goodly fashion sits thine head upon thy shoulders, upheld by a long and most well-wrought neck,
that the sun hath tanned as aforesaid. The hair of thee is simple brown, yet somewhat more
golden than dark; and ah! now thou lettest it loose it waveth softly past thy fair smooth forehead
and on to thy shoulders, and is not stayed by thy girdlestead, but hideth nought of thy knees, and
thy legs shapely thin, and thy strong and clean-wrought ankles and feet, which are with thee as
full of thine heart and thy soul and as wise and deft as be thy wrists and thine hands, and their
very fellows. Now as to thy face: under that smooth forehead is thy nose, which is of measure,
neither small nor great, straight, and lovely carven at the nostrils: thine eyen are as grey as a
hawk’s, but kind and serious, and nothing fierce nor shifting. Nay, now thou lettest thine eyelids
fall, it is as fair with thy face as if they were open, so smooth and simple are they and with their
long full lashes. But well are thine eyen set in thine head, wide apart, well opened, and so as
none shall say thou mayst not look in the face of them. Thy cheeks shall one day be a snare for
the unwary, yet are they not fully rounded, as some would have them; but not I, for most pitiful
kind are they forsooth. Delicate and clear-made is the little trench that goeth from thy nose to thy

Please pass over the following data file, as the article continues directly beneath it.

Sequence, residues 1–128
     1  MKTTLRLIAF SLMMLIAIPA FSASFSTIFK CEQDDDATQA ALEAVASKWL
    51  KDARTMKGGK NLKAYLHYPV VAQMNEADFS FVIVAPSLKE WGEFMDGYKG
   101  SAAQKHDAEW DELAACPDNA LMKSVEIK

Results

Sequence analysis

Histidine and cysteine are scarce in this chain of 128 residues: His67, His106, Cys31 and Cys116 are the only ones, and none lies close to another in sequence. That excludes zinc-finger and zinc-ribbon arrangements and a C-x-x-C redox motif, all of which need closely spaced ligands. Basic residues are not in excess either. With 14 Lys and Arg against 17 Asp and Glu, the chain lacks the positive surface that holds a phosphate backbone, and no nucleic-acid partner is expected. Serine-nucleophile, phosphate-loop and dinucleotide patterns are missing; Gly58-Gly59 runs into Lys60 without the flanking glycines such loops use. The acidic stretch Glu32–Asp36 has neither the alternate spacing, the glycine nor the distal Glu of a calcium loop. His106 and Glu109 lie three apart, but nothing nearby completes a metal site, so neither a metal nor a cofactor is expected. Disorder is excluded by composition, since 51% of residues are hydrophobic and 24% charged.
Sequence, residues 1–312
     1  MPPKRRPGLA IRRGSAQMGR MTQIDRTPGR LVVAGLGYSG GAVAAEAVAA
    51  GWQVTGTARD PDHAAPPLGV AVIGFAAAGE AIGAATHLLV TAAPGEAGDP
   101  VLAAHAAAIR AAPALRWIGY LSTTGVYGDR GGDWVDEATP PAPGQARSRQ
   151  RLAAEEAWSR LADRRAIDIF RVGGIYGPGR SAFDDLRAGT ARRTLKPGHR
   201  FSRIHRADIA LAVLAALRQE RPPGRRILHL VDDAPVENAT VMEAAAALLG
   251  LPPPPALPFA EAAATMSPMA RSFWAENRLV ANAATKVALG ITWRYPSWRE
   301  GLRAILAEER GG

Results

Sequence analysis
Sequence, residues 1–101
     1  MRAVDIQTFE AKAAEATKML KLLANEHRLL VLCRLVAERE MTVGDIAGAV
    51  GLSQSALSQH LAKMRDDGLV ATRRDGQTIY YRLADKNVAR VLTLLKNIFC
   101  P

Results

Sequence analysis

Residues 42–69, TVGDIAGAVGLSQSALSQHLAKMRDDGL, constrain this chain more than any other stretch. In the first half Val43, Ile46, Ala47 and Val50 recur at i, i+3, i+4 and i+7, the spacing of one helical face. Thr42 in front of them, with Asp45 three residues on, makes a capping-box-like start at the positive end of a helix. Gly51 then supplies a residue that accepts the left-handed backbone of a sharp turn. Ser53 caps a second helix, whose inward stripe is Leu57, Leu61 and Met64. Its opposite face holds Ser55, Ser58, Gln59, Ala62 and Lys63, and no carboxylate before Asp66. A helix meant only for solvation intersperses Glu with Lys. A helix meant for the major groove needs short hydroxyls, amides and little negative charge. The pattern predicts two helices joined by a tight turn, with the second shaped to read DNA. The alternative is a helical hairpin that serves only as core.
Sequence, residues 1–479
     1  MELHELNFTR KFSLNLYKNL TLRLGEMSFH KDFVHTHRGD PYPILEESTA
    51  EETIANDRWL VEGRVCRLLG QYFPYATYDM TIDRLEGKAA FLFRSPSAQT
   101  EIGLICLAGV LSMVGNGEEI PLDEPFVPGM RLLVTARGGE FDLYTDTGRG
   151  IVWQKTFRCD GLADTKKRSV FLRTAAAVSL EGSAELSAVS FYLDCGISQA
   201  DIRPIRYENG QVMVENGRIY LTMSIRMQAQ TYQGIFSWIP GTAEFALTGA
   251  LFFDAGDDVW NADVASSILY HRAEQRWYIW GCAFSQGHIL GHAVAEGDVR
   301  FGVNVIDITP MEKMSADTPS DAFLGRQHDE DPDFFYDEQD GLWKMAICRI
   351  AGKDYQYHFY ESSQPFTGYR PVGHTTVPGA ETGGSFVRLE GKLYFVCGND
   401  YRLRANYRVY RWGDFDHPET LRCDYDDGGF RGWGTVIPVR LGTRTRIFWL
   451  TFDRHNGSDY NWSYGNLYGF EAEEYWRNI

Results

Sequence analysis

lips, and sweet it is, and there is more might in it than in sweet words spoken. Thy lips, they are
of the finest fashion, yet rather thin than full; and some would not have it so; but I would, whereas
I see therein a sign of thy valiancy and friendliness. Surely he who did thy carven chin had a
mind to a master-work and did no less. Great was the deftness of thine imaginer, and he would
have all folk that see thee wonder at thy deep thinking and thy carefulness and thy kindness. Ah
maiden! is it so that thy thoughts are ever deep and solemn? Yet at least I know it of thee that
they be hale and true and sweet.
My friend, when thou hast a mirror, some of all this shalt thou see, but not all; and when thou hast
a lover some deal wilt thou hear, but not all. But now thy she-friend may tell it thee all, if she have
eyes to see it, as have I; whereas no man could say so much of thee before the mere love should
overtake him, and turn his speech into the folly of love and the madness of desire. So now I have
played the play, and told thee of thee; tell me now of me, and play thy play.
For a while stood Birdalone silent, blushing and confused, but whiles casting shy glances at her